The Canteen is a tribute to all things Jewish sleepaway camp. Hosted by the Foundation for Jewish Camp (FJC), this blog is written by campers, alumni, parents, and camp professionals and is a place to talk about parenting, camp fun, projects, crafts, recipes, and more – all tied back to Jewish holidays, traditions and, of course, camp!
As we gear up for camp every year, there is so much work to be done. Schedules to be finalized, outfits to be tagged and folded lovingly into duffel bags, water bottles to be cleaned. I remember how practical it was, writing my initials on all of my white athletic socks, not just for camp laundry, but also because all 6 of my family members wore the exact same style and brand.
My camp prep begins in August. Once the campers leave, I return to my “winter” life – 4 days a week at The Davis Academy, a Reform Day School in Atlanta, and 1 day a week at the URJ Camp Coleman office. At Davis, I labbed prayer programming with middle schoolers and 3rd graders, helped work on exciting study programs, and began construction on an awesome interfaith program. During my 1 day at Coleman (referred to affectionately as “Yom Coleman”), I learned about year-round operations, met with leadership, traveled to Israel, and structured camp’s programmatic success 2013 (and beyond).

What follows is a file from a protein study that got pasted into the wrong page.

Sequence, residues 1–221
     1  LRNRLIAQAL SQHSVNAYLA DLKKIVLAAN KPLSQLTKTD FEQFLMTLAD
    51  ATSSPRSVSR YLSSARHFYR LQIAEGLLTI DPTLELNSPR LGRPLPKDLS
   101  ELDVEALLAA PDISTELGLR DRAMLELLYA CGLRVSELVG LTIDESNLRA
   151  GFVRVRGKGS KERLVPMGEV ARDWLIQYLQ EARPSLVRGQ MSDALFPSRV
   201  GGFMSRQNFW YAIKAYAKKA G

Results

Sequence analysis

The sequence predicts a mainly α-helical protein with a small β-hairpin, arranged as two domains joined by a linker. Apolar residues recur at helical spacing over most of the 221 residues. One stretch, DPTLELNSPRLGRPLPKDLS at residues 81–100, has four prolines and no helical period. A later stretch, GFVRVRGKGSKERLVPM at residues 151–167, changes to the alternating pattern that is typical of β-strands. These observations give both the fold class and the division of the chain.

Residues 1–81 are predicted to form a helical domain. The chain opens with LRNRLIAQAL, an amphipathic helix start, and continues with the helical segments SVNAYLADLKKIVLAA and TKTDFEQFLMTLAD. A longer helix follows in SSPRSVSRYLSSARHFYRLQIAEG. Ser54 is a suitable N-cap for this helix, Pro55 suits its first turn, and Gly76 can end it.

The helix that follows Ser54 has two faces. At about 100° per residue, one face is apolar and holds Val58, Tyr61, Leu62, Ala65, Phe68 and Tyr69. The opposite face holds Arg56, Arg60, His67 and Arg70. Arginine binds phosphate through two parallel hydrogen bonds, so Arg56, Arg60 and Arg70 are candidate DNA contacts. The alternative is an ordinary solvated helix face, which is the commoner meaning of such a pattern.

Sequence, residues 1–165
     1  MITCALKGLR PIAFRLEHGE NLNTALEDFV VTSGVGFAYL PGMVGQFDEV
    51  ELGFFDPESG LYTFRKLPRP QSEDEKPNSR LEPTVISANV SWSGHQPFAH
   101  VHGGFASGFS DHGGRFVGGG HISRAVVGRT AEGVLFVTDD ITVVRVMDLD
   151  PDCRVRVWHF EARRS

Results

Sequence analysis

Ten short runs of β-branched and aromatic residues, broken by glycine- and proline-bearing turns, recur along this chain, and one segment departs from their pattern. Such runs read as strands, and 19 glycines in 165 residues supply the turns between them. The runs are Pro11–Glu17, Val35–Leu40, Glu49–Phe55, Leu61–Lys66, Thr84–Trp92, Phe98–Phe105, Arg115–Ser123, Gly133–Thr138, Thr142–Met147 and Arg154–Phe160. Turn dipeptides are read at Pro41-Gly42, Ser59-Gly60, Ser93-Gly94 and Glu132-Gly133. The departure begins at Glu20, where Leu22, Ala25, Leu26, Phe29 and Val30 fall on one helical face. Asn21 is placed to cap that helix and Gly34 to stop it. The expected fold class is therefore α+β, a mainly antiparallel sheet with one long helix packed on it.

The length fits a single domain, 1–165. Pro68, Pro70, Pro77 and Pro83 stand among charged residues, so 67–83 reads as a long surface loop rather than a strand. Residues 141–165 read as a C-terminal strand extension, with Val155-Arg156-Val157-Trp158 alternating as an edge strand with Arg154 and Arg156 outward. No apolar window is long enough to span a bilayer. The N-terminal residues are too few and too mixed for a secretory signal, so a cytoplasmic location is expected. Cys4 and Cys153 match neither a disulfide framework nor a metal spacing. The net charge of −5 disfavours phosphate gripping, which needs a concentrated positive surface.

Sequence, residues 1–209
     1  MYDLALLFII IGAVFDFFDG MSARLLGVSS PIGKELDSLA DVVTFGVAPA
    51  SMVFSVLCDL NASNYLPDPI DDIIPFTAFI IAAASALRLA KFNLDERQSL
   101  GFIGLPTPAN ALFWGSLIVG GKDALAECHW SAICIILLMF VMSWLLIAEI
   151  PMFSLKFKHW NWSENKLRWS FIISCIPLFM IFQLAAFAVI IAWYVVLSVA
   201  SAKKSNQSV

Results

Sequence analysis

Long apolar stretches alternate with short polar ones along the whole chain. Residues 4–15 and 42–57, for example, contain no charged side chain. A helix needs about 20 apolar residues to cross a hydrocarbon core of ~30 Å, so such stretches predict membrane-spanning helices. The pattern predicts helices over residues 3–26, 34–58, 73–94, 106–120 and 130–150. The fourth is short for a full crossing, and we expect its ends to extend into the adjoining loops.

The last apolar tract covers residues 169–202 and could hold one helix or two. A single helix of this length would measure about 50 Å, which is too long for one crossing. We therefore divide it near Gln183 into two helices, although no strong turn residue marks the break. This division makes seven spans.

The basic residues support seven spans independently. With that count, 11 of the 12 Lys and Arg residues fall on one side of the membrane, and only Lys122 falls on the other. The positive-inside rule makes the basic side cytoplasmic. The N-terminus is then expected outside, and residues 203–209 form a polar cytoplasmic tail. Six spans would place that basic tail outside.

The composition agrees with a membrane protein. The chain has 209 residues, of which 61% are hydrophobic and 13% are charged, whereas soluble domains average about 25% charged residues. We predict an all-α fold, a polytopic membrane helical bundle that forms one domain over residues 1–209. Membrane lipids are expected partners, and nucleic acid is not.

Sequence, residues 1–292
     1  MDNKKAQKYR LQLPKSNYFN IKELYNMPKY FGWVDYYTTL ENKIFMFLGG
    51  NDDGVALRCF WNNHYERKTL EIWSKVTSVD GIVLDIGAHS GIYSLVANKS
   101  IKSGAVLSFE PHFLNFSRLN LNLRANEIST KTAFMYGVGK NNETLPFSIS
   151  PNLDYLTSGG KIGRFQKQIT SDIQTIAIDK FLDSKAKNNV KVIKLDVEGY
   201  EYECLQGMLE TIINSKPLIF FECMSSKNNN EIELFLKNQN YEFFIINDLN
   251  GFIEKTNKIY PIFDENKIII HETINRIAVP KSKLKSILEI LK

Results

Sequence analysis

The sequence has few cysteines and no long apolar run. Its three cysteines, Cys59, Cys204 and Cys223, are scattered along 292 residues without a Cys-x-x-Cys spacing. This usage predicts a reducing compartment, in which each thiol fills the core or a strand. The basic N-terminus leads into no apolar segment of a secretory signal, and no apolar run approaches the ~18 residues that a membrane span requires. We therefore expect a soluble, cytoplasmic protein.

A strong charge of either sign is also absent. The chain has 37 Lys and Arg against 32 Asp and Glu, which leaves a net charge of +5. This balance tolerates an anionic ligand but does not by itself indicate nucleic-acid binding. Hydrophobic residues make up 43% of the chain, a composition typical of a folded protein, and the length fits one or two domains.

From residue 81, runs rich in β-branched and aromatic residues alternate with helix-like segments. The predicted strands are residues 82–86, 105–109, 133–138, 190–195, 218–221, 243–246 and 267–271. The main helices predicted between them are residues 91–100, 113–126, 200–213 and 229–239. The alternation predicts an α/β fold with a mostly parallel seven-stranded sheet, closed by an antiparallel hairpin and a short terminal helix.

A few weeks before Leadership Week, many of camp’s programmers and unit heads gathered in Tampa, FL, to prepare for the summer. In addition to learning about important Jewish texts and their place in our work, we had the unique opportunity to join one of our congregations for a camp send-off Shabbat. Dressed in our finest Coleman attire, we spoke to the congregation about what we love at camp, with a focus on Shabbat.
Veteran and neophyte staff joined together in talking about values, singing, dancing, smiling, hugging, and, as my teacher taught me to say, “Our very best friend the Torah.” Much of what we spoke about was the intangible stuff that comes home with you from camp.
Our joint speech moved each of us and got us ready for summer. And we’d like to think that the members of that congregation got excited to fill their own duffels with the perfect physical things when they set out on their journey – and to fill their hearts and minds to prepare them for the long road home, after camp. You can’t put that Shabbat feeling in your duffel bag, but your camp is certainly going to put it in your heart!
Pronounced: shuh-BAHT or shah-BAHT, Origin: Hebrew, the Sabbath, from sundown Friday to sundown Saturday.